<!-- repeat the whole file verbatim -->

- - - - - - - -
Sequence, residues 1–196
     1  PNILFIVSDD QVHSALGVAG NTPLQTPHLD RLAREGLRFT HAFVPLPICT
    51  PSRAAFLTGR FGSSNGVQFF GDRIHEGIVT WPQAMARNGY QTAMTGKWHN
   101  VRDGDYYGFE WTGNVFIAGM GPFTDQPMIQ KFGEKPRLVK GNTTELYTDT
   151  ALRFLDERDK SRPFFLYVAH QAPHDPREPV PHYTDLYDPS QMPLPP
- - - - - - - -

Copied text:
Sequence, residues 1–196
     1  PNILFIVSDD QVHSALGVAG NTPLQTPHLD RLAREGLRFT HAFVPLPICT
    51  PSRAAFLTGR FGSSNGVQFF GDRIHEGIVT WPQAMARNGY QTAMTGKWHN
   101  VRDGDYYGFE WTGNVFIAGM GPFTDQPMIQ KFGEKPRLVK GNTTELYTDT
   151  ALRFLDERDK SRPFFLYVAH QAPHDPREPV PHYTDLYDPS QMPLPP